Welcome back to the new school year! If your family is like mine, there are varying degrees of excitement in the air. New school supplies are waiting to be dropped off in classrooms. New clothes with tags are ready and waiting for the first wear of the school year. Along with the excitement of a new school year comes the unknown of a new classroom teacher and for many families, the overwhelming feeling of a new Individualized Education Plan (IEP) team including a new Case Manager. Let’s discuss 5 things you should tell your child’s case manager.
For many students and families in our school systems, their IEP team is the lifeline to a successful school year. The IEP is equally as important for student success as their classroom teachers. Here are a few talking points that might break the ice when meeting your child’s IEP Case Manager for the first time. Trust me when I say this will also make you their favorite family too!
5 Things to Let Your Child’s Case Manager Know
The first of the 5 things to let your child’s case manager know is your students strengths. It sounds a little obvious but sharing areas both academic and nonacademic where your student succeeds helps your child’s Case Manager learn and build a relationship with your child. A positive student/Case Manager relationship is critical to the success and growth of your child. Often academic tasks are hard for students who are on an IEP. Sharing your student’s strengths with their Case Manager it will allow them to be able to introduce academic strategies that emphasis their natural strengths thus boosting their confidence.
Student’s Areas of Growth
Next, you will want to share your student’s areas of growth in both a classroom setting and non-classroom setting with their Case Manager will help them identify and create plans for success for your child. By having this information before a potential struggle occurs will allow the IEP team to be proactive rather than reactive when a plan needs to be created thus eliminating the potential for student, parent, and school frustration.
Successful Redirection Strategies
Another of the 5 Things to Let Your Child’s Case Manager Know is strategies that already work. When a Case Manager doesn’t have to reinvent the wheel, we don’t want to! If there are strategies that you as a family use at home and are successful, please share the wealth. The more times we can show our students the connection and communication between home and school the more consistent student performance tends to be. It’s very easy for a Case Manager to incorporate school-appropriate redirection strategies into IEPs and behavior plans. They will also share that information with classroom teachers so teachers can set your child up for success and be proactive.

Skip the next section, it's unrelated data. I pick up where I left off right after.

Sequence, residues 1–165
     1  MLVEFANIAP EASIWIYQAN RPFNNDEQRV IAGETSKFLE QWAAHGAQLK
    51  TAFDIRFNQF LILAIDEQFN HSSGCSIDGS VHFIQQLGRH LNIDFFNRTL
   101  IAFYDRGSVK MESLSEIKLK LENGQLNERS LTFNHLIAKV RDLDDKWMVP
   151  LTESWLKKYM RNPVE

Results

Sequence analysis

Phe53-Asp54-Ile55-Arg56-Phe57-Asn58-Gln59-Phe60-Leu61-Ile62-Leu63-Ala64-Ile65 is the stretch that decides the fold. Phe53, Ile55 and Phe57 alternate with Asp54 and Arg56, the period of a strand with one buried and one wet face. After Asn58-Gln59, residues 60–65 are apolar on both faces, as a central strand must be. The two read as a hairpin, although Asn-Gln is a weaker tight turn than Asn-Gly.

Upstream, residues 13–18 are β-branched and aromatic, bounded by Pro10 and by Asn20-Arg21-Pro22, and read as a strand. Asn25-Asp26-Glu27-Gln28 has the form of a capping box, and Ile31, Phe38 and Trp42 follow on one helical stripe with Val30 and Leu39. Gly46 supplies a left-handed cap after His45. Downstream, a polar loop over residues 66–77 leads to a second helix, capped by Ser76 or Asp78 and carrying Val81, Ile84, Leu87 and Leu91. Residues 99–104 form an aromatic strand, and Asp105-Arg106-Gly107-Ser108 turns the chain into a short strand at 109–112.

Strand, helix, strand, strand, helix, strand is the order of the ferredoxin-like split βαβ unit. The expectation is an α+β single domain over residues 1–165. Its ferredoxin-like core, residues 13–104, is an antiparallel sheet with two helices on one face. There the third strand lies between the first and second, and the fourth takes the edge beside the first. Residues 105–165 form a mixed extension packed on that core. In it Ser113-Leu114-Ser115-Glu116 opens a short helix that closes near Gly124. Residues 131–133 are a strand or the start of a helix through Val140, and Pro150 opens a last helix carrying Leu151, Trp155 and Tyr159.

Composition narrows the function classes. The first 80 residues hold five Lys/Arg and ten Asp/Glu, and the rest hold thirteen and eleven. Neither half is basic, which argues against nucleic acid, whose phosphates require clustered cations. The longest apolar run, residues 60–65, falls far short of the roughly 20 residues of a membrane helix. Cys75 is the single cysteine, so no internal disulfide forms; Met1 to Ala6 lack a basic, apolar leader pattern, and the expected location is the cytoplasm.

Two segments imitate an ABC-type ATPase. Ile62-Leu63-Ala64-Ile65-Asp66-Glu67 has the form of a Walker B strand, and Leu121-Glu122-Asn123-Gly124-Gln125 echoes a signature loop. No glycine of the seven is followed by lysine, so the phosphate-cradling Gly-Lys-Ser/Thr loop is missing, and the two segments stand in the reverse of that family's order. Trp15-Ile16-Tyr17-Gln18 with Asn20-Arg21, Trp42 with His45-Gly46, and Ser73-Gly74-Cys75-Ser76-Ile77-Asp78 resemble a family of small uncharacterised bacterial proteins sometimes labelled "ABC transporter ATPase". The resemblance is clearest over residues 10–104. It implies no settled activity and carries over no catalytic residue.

If I had a nickel for every time another Resource Teacher, School Psychologist, or even Classroom Teacher walked into my office asking about motivators for kids I would be sitting on a beach with my toes in the sand. Because I’m not at the beach I will tell you this is one of the most important pieces of the 5 Things to Let Your Child’s Case Manager Know.
Behind every decision an IEP Team makes is the success of the student If we as a team and a school know what motivators engage your child then our path to success just became clearer. Having this information up front eliminates a trial-and-error process that hinders student success while we brainstorm motivator factors. This is also another opportunity to show how the communication lifeline between home and school can be seamless and ensure consistency to help foster both social and academic success for your child.
Health information is available in the student’s school record. However, it’s always nice when parents personally share this information with their child’s Case Manager. This allows for health concerns to be addressed face to face and questions to be resolved. Allowing life-threatening situations to be avoided. This is also nice to have ahead of time in case a specific school plan needs to be developed or an adjustment made to the school day.
Sometimes changes in their schedule need to occur to accommodate their health needs. Providing this information to your child’s Case Manager will also allow them to be able to share the details of your child’s health concerns with their teacher(s). In turn, it helps eliminate any potential social pressure your child may endure. Also allowing everyone in the building to be on the same page ensures lines of communication are open and transparent.
Your child’s Case Manager is your liaison to anything that is written in your child’s IEP. Keeping the lines of communication open throughout the academic year. This will result in the most success for the entire IEP Team including you as a parent or guardian. Best wishes for an outstanding year and remember your child’s IEP is about THEM and THEIR success!
Read our post on Avoiding the Homework Battle for more tips on your child’s education success.
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